11. A brief excursion into a vast topic fraught with the possibility for easy misunderstanding and the temptation to lapse into all sorts of ideologies.

    Two words we must eschew (and the concepts that go with them): environmentalism and ‘green’.

    Any one who talks in terms of ‘the environment’ has already gotten it wrong. Such language is a symptom of a massive surrender to the two-story universe as well as a denial of mankind’s true vocation. Ultimately what results is a kind of reverse Gnosticism of the type to which Phillip Sherrard so unfortunately surrendered toward the end of his life. What should proplerly be spoken of is ecology: the inter-relationship that exists between God, the angels, man and the rest of creation. The ontological (as opposed to ideological) connection revealed fully in the Incarnation. Our vocation to dress and keep the earth is a necessary part of our salvation, it is both liturgical and sacramental (thine own of thine own we offer unto thee…). Our dominion is not tryannical in content but kenotic consisting of love, not power. Yet we have a right to use what God has made.

    The ‘green’ philosophy is part neo-paganism, part philosphical naturalism, part anti-captialism. Christianity has NOTHING in common with it and we should run from all of its precepts. It is a lie.

    Neither should we put our trust in an ideological approach to ‘private’ property. If we follow the sacramental example, there is no such thing as ‘private’ property, but it should not be debased to ‘common’ property either.

    Unfortunately, I have to say that the comments of Patriarch Bartholomew are not just viewed through an ideological prism, they are infected with worldly ideology that should not be a part of a traditional approach. Despite that, I commend him for making the attempt to speak. We owe it to him and to ourselves to go much more deeply into the wisdom of the Church and not leave it to him alone.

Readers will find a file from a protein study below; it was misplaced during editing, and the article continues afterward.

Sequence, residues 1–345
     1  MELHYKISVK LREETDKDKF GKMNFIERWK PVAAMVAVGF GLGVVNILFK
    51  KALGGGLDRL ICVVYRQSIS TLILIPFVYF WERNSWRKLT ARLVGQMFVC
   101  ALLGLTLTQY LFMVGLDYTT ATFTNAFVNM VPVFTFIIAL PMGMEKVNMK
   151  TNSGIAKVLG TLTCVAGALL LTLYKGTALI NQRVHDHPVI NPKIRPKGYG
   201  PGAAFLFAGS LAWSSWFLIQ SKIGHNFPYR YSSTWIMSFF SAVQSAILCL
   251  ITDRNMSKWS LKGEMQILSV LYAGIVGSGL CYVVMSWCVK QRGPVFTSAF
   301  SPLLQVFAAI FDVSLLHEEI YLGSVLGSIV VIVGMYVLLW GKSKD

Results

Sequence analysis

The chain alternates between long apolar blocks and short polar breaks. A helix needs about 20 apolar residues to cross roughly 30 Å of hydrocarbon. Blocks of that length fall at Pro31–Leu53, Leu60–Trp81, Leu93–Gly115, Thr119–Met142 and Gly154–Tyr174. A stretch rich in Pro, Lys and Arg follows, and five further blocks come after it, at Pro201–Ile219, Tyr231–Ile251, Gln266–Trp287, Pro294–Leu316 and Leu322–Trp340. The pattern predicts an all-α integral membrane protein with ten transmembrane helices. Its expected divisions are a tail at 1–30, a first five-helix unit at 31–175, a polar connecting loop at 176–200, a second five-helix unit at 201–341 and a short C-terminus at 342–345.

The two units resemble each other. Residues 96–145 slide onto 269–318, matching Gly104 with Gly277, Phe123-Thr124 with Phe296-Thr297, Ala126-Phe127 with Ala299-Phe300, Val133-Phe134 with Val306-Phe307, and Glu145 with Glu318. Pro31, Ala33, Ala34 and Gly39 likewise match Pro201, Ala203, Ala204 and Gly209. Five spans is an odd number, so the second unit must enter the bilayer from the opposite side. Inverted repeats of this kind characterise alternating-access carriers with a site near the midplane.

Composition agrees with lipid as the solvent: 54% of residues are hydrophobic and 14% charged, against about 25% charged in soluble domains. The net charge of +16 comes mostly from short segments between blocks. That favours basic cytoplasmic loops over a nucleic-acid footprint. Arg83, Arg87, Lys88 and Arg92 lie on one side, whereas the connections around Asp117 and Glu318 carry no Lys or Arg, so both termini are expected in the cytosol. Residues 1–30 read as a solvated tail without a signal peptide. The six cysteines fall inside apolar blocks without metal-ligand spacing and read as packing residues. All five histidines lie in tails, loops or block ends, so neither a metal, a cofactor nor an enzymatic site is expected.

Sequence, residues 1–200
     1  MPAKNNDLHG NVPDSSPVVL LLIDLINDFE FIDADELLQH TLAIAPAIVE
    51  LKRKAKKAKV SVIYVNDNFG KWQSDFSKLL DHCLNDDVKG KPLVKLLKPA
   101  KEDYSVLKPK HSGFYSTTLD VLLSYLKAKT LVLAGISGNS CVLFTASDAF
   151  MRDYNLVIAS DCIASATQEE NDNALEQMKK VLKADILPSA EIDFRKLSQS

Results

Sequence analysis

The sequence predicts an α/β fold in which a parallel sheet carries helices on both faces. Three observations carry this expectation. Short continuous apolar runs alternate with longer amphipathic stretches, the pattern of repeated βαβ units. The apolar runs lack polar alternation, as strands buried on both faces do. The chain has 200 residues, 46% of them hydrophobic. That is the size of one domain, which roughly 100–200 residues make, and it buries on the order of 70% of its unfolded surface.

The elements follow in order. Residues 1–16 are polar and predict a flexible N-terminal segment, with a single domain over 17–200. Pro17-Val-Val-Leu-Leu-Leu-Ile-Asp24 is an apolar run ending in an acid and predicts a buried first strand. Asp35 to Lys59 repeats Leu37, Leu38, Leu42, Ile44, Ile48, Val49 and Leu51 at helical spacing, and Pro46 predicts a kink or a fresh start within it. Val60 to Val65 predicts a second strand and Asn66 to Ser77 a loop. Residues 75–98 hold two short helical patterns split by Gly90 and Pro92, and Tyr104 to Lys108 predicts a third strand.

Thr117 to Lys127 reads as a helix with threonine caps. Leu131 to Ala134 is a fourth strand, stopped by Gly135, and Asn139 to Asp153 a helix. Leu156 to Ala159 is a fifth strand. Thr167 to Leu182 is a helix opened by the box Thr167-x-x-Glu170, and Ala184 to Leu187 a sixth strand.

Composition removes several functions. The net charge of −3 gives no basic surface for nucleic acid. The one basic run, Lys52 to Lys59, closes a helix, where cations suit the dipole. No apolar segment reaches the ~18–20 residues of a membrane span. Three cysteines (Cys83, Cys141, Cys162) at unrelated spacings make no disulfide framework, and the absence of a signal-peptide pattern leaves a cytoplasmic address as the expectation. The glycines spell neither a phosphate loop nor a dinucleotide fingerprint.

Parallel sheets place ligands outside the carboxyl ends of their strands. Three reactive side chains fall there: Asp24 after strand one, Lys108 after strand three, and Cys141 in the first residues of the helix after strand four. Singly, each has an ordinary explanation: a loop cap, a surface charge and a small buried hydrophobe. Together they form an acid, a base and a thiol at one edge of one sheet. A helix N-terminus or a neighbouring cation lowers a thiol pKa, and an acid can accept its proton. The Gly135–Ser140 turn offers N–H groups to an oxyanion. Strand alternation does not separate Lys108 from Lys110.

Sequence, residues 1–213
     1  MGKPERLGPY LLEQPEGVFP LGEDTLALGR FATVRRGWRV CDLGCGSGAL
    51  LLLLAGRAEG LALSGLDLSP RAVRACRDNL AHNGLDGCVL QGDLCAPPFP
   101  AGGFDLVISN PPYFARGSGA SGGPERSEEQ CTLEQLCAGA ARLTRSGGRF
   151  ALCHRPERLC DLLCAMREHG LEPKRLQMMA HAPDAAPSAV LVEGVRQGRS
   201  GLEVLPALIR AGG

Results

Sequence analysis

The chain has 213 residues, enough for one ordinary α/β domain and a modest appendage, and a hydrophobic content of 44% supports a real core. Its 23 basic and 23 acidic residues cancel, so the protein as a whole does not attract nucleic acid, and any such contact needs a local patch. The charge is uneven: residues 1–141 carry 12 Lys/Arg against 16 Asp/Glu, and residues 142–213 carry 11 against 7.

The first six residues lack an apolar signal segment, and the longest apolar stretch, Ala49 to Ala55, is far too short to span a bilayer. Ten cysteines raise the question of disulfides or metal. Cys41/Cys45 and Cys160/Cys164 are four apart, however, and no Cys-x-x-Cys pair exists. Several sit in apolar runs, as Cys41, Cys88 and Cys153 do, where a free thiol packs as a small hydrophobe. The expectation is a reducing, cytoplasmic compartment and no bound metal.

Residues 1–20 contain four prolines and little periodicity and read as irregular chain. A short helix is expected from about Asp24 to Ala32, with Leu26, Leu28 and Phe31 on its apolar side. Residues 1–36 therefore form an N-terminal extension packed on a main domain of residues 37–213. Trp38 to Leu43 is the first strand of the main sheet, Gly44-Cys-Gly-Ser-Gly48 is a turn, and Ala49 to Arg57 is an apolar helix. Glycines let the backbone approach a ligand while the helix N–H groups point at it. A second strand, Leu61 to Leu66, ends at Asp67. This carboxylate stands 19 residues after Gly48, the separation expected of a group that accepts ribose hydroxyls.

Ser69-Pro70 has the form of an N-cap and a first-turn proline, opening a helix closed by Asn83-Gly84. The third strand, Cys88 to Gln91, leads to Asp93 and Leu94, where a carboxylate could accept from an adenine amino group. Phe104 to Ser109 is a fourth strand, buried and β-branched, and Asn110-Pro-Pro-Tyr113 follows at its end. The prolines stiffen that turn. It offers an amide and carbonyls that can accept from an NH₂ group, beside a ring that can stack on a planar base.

What is required is to live more fully the life to which we are already called, a life of prayer, fasting and almsgiving focused on God. The degradation in the natural world will be with us until our Lord returns, it will get worse if we are to believe the Scripture. As we must work hard to avoid all ideological approaches, we must likewise avoid the heresy of chiliastic utopianism that attempts to create a new Eden from the fallen world without the necessity for repentance. All of the current solutions in the marketplace are of that type to one degree or another. The more focused they are on ‘economic justice’ and mass political restructuring of economic activity, the more saturated they are with such wrong headedness.

    “If the people, which are called by My name, shall humble themselves, and pray, and seek my face, and turn from their wicked ways; then will I hear from heaven, and will forgive their sin, and will heal their land.” II Chronicles 7:14

  12. I, too, agree that the only way forward for those of us called by the name of Christ, is to allow ourselves to be transformed. Then through that transformation comes the transformation of the world. I have no hope in political solutions. Put not your trust in Princes nor in the Sons of Men.

  13. The classic battle between the closed versus the open universe. Father, you really have opened a can of worms with this topic: a veritable full frontal assault on modernity. In the closed and two storey universe it is trespassing man pitted against the environment. In the open, redeemed and one storey universe it is man and all of creation taking their proper role in singing *together* in their own way hymns of praise to God. Man’s God given role is as caretaker of creation. This in my view is true “green”.